Rep. Clarke joins Rep. Hank Johnson as peerless leaders in the fight to perpetuate ignorance.

This happened on Stephen Colbert’s show.

Colbert: Some have called Brooklyn’s decision to become part of New York City, “The Great Mistake of 1898.” If you could get in a time machine and go back to 1898, what would you say to those Brooklynites?

Clarke: I would say to them, “Set me free!”

Colbert: From?

Clarke: Slavery.

Colbert: Slavery. Really? I didn’t realize there was slavery in Brooklyn in 1898.

Clarke: I’m pretty sure there was.

Colbert: It sounds like a horrible part of the United States that kept slavery going until 1898.

Clarke: Uh …

Colbert: Who would be enslaving you in 1898 in New York?

Clarke: The Dutch.

Colbert: Those sneaky Dutch bastards.

Clarke: Exactly.

By 1898, the Dutch had not controlled Brooklyn for more than 200 years, and slavery had been abolished in the entire United States in 1863. We fought a Civil War and everything. The Washington Post calls Clarke’s interview “struggling with history.” Right — and Barack Obama struggles with economics.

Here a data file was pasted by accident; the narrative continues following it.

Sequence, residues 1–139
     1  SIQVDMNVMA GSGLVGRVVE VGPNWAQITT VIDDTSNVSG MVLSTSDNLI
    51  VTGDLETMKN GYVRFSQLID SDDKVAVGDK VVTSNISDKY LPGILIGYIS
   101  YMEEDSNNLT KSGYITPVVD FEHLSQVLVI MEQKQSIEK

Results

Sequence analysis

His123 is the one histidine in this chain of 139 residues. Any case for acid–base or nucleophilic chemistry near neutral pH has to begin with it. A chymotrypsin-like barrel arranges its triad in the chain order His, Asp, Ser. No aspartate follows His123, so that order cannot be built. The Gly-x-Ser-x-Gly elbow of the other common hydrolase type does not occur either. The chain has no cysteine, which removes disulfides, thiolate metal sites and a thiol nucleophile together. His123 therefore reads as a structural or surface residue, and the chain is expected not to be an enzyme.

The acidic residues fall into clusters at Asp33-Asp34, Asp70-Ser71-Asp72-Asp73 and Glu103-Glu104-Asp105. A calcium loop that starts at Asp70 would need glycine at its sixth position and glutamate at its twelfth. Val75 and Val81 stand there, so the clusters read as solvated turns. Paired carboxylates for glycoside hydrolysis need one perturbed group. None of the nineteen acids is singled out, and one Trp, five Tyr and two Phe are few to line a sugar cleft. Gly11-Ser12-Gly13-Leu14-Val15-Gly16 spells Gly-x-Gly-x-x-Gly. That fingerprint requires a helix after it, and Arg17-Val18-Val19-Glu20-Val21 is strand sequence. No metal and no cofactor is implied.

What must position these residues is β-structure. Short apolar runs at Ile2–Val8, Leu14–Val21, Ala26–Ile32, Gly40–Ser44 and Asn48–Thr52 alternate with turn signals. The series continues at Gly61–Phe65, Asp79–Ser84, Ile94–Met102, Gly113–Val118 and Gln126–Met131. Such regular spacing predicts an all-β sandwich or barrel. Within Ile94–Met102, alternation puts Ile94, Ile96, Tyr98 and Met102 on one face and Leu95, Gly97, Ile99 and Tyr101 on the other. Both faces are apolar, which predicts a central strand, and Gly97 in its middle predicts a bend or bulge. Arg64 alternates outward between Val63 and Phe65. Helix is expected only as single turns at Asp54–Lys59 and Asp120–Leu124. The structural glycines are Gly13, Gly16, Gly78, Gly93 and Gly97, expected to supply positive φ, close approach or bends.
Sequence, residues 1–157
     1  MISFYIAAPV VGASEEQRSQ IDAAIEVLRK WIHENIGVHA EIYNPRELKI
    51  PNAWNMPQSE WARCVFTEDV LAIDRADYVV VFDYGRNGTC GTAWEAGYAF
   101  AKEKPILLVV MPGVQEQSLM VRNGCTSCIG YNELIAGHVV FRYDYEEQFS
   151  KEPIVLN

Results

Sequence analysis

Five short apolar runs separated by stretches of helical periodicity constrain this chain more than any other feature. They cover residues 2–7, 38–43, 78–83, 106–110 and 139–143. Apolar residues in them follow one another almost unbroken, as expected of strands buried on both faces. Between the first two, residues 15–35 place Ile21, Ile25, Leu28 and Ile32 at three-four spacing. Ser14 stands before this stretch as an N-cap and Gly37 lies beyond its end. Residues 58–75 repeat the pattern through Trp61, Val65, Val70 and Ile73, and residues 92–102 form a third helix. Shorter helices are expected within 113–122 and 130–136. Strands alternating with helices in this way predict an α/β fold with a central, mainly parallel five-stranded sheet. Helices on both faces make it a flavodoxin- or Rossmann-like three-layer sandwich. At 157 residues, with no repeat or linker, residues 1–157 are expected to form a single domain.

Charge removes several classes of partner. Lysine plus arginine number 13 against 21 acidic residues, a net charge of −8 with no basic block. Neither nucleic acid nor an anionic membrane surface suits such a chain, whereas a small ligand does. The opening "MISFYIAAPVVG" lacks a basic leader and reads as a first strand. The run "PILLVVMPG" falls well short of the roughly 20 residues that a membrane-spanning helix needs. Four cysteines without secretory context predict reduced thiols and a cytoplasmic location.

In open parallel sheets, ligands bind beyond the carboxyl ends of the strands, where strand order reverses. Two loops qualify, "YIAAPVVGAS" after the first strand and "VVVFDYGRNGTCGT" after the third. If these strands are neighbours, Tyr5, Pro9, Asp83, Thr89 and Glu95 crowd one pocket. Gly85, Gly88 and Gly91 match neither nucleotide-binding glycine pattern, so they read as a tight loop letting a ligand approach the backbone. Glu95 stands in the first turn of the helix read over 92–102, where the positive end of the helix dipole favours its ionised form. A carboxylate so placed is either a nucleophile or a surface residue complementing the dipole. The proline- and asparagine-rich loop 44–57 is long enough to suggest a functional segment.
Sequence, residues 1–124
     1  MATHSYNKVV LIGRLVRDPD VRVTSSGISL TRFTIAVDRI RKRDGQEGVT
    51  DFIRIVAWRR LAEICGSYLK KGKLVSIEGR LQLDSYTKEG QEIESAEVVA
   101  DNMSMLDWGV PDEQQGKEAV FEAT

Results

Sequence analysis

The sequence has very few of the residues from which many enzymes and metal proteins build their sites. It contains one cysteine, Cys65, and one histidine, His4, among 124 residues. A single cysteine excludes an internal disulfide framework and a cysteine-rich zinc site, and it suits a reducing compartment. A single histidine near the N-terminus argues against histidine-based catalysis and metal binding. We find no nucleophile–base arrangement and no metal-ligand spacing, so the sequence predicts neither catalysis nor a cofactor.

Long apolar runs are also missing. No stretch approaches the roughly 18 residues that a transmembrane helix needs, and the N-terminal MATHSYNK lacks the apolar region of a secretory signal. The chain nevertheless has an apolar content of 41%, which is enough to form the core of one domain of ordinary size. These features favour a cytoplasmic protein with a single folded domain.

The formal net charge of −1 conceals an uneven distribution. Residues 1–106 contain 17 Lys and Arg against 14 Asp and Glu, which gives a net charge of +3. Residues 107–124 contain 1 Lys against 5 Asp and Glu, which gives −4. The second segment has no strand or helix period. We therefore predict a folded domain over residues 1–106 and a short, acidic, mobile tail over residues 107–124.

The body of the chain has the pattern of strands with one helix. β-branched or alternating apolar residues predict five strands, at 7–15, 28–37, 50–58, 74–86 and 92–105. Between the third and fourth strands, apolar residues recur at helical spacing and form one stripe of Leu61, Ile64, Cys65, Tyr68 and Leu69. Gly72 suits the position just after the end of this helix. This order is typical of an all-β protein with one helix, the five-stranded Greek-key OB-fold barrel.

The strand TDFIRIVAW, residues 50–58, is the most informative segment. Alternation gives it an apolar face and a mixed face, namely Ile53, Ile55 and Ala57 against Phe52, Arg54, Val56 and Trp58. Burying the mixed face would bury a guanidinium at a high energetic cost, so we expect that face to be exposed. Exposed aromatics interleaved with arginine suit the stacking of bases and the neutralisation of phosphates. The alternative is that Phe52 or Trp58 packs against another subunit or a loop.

You’ll be happy to know that Rep. Clarke “proudly” serves New York’s 11th District, from which she votes on laws that impact everyone in these United States. She apparently still is unaware that her Colbert interview did not go well. She is still touting it on her official web site.

Update: Clarke’s staff says the whole thing was a joke.

“She does know the actual timeline of that period and when slavery was abolished,” the spokeswoman for Clarke told me.

“It’s supposed to be a ha-ha moment. Some people understood, some people didn’t. Everyone has their own interpretation about her performance on the show.”

Performance? She could’ve fooled Andy Kaufman with that “act.”

Here’s the video.